The Nuclear Bomb
Learn about nukes!
How a Nuke is Formed
The world's first nuclear explosion was achieved with plutonium, a man-made element produced in nuclear reactors. Plutonium is created when an atom of uranium-238 absorbs a neutron and becomes plutonium-239. The reactor generates the neutrons in a controlled chain reaction. For the neutrons to be absorbed by the uranium their speed must be slowed by passing them through a substance known as a "moderator." Graphite and heavy water have been used as moderators in reactors fueled by natural uranium.Heavy water looks and tastes like ordinary water but contains atoms of deuterium instead of atoms of hydrogen. For heavy water to succeed as a moderator, it too must be pure; it must be free of significant contamination by ordinary water, with which it is mixed in nature.
The First Nuke
Brigadier-General Leslie R. Groves, himself an engineer, was now in complete charge of a project to assemble the greatest minds in science and discover how to harness the power of the atom as a means of bringing the war to a decisive end. The Manhattan Project (so-called because of where the research began) would wind its way through many locations during the early period of theoretical exploration, most importantly, the University of Chicago, where Enrico Fermi successfully set off the first fission chain reaction. But the Project took final form in the desert of New Mexico, where, in 1943, Robert J. Oppenheimer began directing Project Y at a laboratory at Los Alamo's, along with such minds as Hans Bethe, Edward Teller, and Fermi. Here theory and practice came together, as the problems of achieving critical mass—a nuclear explosion—and the construction of a deliverable bomb were worked out.Finally, on the morning of July 16,in the New Mexico desert120 miles south of Santa Fe, the first atomic bomb was detonated. The scientists and a few dignitaries had removed themselves 10,000 yards away to observe as the first mushroom cloud of searing light stretched 40,000 feet into the air and generated the destructive power of 15,000 to 20,000 tons of TNT. The tower on which the bomb sat when detonated was vaporized.
Basic Effects of Nuclear Weapons
Nuclear explosions produce both immediate and delayed destructive effects. Blast, thermal radiation, and prompt ionizing radiation cause significant destruction within seconds or minutes of a nuclear detonation. The delayed effects, such as radioactive fallout and other possible environmental effects, inflict damage over an extended period ranging from hours to years. Each of these effects are calculated from the point of detonation.
Blast Effects of a Nuke
When a nuclear weapon is detonated on or near Earth's surface, the blast digs out a large crater. Some of the material that used in be in the crater is deposited on the rim of the crater; the rest is carried up into the air and returns to Earth as radioactive fallout. An explosion that is farther above the Earth's surface than the radius of the fireball does not dig a crater and produces negligible immediate fallout. For the most part, a nuclear blast kills people by indirect means rather than by direct pressure.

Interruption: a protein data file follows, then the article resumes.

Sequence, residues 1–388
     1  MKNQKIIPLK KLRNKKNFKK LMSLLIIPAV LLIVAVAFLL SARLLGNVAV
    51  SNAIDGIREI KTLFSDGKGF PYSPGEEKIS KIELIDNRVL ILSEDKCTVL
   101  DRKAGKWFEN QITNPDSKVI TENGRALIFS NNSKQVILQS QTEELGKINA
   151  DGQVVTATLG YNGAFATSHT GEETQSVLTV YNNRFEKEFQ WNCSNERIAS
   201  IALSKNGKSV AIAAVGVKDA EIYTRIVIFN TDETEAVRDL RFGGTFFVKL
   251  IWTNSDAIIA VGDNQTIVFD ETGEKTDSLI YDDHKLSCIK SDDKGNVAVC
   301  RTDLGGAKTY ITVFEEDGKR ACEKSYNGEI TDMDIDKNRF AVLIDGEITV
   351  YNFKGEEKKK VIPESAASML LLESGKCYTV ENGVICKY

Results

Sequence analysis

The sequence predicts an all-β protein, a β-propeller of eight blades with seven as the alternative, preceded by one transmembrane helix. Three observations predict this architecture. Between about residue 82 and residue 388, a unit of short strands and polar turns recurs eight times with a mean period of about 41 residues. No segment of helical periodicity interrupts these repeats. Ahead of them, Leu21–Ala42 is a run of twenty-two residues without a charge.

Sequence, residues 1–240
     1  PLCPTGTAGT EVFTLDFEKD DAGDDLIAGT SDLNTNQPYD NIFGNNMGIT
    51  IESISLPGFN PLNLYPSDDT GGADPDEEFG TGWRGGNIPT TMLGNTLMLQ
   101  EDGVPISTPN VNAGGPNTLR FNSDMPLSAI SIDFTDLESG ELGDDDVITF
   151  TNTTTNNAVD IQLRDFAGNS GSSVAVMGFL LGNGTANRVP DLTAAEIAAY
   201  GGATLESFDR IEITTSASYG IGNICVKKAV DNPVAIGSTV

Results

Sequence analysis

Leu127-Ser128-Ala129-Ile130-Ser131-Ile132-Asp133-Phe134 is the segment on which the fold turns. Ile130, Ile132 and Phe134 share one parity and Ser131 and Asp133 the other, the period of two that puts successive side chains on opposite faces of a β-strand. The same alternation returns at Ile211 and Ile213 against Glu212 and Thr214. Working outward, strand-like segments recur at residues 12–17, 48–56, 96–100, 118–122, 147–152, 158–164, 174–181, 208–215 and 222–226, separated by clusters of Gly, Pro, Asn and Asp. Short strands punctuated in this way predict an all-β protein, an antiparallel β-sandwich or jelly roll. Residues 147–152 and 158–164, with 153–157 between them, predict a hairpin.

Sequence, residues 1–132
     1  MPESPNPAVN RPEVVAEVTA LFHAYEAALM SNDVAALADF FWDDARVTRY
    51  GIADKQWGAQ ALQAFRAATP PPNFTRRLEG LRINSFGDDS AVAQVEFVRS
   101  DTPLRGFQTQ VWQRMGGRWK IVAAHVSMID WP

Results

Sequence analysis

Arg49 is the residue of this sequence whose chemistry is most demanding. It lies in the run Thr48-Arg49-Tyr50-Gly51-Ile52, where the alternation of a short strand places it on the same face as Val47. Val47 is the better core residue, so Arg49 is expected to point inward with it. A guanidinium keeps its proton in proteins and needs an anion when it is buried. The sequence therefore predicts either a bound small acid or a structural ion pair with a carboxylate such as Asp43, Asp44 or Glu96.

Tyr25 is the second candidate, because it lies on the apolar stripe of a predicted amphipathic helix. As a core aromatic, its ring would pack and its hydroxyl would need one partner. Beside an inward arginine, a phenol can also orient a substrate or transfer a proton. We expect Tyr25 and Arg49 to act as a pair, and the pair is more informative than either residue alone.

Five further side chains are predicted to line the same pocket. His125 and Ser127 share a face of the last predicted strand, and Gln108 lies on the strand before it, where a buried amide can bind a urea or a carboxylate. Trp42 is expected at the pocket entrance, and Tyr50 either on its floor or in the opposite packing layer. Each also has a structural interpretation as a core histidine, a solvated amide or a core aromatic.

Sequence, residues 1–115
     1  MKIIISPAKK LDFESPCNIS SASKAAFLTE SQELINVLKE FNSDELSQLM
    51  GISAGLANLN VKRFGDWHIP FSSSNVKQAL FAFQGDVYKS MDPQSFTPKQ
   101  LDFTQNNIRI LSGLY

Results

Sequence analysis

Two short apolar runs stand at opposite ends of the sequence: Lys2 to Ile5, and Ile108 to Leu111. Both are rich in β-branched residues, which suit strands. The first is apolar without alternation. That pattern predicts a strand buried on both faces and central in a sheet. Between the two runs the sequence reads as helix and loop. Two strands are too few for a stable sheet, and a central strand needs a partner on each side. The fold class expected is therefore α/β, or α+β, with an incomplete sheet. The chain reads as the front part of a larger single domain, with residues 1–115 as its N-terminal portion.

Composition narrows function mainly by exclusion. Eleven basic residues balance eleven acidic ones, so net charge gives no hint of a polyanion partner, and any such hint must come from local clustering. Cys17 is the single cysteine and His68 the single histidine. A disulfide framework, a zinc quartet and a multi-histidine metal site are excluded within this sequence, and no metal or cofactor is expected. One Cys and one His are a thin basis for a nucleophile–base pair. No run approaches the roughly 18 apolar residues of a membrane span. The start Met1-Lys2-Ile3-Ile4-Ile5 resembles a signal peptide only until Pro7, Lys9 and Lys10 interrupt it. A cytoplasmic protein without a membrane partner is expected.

Thermal Radiation Effects of a Nuke
Approximately 35 percent of the energy from a nuclear explosion is an intense burst of thermal radiation. The effects are similar to the effect of a two-second flash from an enormous sunlamp. Since the thermal radiation travels at roughly the speed of light, the flash of light and heat precedes the blast wave by several seconds, just as lightning is seen before thunder is heard.The visible light will produce "flashblindness" in people who are looking in the direction of the explosion.If the flash is focused through the lens of the eye, a permanent retinal burn will result. Skin burns result from higher intensities of light, and therefore take place closer to the point of explosion. First-degree, second-degree and third-degree burns can occur at distances of five miles away from the blast or more. Third-degree burns over 24 percent of the body, or second-degree burns over 30 percent of the body, will result in serious shock, and will probably prove fatal unless prompt, specialized medical care is available. The entire United States has facilities to treat 1,000 or 2,000 severe burn cases. A single nuclear weapon could produce more than 10,000.The thermal radiation from a nuclear explosion can directly ignite kindling materials. In general, ignitable materials outside the house, such as leaves or newspapers, are not surrounded by enough combustible material to generate a self-sustaining fire. Fires more likely to spread are those caused by thermal radiation passing through windows to ignite beds and overstuffed furniture inside houses.
Problems and Solutions about Nukes
Hair-trigger alert is a risky policy to inherit. From faulty computer chips to misinterpreted radar signals, human and technical mistakes have caused dozens of safety failures and close calls. An accidental or unauthorized missile launch could kill millions of people—and trigger a Russian launch that could kill many millions more.Taking U.S. weapons off hair-trigger alert would immediately remove this risk. It would increase the safety of all Americans while maintaining a strong and credible U.S. defense. It would also encourage Russia to take its missiles off hair-trigger alert.
Hair-trigger alert is a U.S. military policy that enables the rapid launch of nuclear weapons. Missiles on hair-trigger alert are maintained in a ready-for-launch status, and can be airborne in a matter of minutes.